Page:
While many yoga schools study and teach from the Bhagavad Gita or the Yoga Sutra, there are other, lesser-known philosophical texts that may be of value to the serious student of yoga. In Roche’s translation of the Vijnana Bhairava Tantra, a dialogue between Shiva and Shakti about self-realization, yogis will be introduced to what Roche calls a “love song,” making this ancient tantric text a great complement to the eight-limbed path of Patanjali’s Yoga Sutra. Roche organizes his translation into brief sections, each of which can be read and digested as a meditation unto itself.
by Dr. Bessel van der Kolk
Most yoga teachers today can expect to have students who’ve experienced some form of trauma. This book will help to educate teachers about how the body stores and processes traumatic experiences. Yoga’s role in creating new pathways in the mind and healing people’s relationships with their bodies is explained by van der Kolk, an M.D. who has spent decades studying the impacts of trauma.
by Jill Bolte Taylor
We talk a lot about the left brain and right brain in yoga: Yoga teachers often have a general understanding of the sympathetic and parasympathetic nervous systems and how the two sides of the brain are connected to our stress levels and breathing practices. Taylor’s amazing story of the stroke that temporarily incapacitated her left brain will deepen your understanding of brain anatomy and give you greater empathy for understanding and teaching people living with disabilities.
by Caroline Myss
Prepare yourself for the brilliance of Carolyn Myss. This book weaves the chakras together with various traditions, beliefs, and sacraments from many major world religions. This is a great addition to your reading list if you are interested in deepening your study of the chakra system and you’re game for a unique approach steeped in culture, language, and philosophy.
by Dr. Stuart Shanker
Many of our students come to our classes as a way to better manage stress and its negative effects. This makes it tremendously important that we, as yoga teachers, have a solid understanding of how stress impacts our bodies and minds. I’ve read a lot of books about stress, but in my opinion, Shanker’s approach is the most accessible and practical. He writes for the average person who might not have a strong scientific background and includes tons of examples explaining how the process of self-regulation helps both children and adults improve their lives.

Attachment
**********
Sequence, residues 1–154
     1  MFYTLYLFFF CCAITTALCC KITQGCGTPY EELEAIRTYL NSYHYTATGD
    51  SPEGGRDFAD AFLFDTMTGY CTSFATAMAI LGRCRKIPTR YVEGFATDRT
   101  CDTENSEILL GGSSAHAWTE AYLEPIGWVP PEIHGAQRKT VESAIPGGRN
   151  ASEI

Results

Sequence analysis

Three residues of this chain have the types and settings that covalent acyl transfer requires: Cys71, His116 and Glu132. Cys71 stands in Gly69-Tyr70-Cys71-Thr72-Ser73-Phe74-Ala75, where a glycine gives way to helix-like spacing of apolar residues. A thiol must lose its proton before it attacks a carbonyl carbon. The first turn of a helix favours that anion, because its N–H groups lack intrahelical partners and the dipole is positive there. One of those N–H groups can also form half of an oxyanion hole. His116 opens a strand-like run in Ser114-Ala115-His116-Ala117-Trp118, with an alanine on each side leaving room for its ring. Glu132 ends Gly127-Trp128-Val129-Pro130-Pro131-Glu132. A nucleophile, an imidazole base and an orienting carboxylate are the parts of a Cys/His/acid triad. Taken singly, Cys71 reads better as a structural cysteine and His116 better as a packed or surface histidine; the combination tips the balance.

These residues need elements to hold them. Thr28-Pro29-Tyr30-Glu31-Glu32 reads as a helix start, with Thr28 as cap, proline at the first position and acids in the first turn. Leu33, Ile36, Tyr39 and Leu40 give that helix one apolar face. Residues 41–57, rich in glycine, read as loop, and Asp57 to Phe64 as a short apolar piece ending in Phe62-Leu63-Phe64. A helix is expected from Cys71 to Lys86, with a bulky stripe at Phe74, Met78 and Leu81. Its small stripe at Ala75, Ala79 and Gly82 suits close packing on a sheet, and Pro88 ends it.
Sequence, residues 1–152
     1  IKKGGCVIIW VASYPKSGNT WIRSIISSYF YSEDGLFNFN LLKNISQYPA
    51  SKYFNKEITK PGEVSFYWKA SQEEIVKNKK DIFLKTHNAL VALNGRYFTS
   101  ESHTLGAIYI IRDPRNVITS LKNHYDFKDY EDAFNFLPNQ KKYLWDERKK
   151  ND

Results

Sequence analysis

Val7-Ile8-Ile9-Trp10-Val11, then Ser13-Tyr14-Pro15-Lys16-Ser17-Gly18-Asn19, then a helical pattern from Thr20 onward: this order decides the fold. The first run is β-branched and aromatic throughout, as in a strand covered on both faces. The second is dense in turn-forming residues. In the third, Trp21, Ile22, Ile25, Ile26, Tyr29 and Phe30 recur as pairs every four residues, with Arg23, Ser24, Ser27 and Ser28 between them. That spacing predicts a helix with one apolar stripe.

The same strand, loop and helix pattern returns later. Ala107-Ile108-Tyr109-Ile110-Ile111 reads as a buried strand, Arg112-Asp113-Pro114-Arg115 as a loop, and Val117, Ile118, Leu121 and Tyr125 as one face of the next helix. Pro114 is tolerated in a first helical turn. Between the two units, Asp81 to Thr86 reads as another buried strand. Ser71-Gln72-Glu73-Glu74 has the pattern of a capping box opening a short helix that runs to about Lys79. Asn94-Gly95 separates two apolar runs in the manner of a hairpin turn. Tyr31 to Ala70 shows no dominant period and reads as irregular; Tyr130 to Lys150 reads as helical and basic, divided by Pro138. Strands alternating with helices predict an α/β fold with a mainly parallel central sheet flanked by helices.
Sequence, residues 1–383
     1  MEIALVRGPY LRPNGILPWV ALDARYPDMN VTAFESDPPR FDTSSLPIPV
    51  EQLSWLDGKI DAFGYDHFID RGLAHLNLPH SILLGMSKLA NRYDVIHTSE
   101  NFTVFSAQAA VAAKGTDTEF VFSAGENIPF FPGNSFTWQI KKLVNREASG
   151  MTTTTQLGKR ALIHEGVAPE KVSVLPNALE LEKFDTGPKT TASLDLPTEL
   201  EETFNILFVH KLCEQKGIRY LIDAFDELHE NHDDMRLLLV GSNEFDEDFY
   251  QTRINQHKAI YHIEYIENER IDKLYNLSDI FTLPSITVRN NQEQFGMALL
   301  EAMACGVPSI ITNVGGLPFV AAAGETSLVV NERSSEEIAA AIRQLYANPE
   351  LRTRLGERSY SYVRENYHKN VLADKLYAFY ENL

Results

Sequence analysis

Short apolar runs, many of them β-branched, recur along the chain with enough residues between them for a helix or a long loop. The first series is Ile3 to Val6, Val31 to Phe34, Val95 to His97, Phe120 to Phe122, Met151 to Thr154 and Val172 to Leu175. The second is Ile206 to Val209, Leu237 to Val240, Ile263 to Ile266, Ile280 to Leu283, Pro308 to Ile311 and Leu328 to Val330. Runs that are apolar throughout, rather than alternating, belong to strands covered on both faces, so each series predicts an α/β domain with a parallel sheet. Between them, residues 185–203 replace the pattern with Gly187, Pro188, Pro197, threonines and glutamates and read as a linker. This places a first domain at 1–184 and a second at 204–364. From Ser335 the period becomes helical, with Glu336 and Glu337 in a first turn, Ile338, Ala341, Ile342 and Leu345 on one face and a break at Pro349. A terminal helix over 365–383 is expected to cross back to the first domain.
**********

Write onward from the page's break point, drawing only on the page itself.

by Mark Matousek
This is one of the most moving and beautiful books I’ve ever read. Without spoiling the story, I’ll just say that Matousek was living at a fast pace in Manhattan in the 1980s working as a magazine editor. A life-changing event sent him across the world on a spiritual journey to India. Told with raw honesty and profound sensitivity for the human condition, it is one man’s story of waking up to his own life. His experience as a gay man is also an important perspective to include in the yoga world. Diving deeply into Matousek’s path to enlightenment reminded me of the importance of the work that we do as yoga teachers, creating safe spaces and opportunities for spiritual and/or personal growth.
by Stephen Cope
Cope weaves in the dharma stories of average people and famous folks like Harriet Tubman and Walt Whitman while still managing to tell his own story. Inspired by the Bhagavad Gita, Cope discusses his journey to discover his dharma, or life’s purpose. This is an incredible analysis of the concept of dharma that you can begin applying immediately in your daily life and practice. If you’ve read the actual Gita and felt a little bit overwhelmed, this book is a wonderful and practical application of its core teachings.
by Debra Silverman
There’s a lot of overlap between the study of astrology and the philosophy of yoga. Both are ancient disciplines aimed at helping people discover their true natures and the paths to living their best lives. Silverman’s astrology book zones in on the four elements: fire, earth, air, and water. This book will give you a strong overview of how the elements play out in our personalities. When we understand ourselves and what makes us tick, we can develop a greater understanding of other people and improve our relationships and the way we communicate with others. Yoga teachers might also find content they can use to theme a class around. I found Silverman’s down-to-earth explanations to be heartwarming and empowering.
by Jessamyn Stanley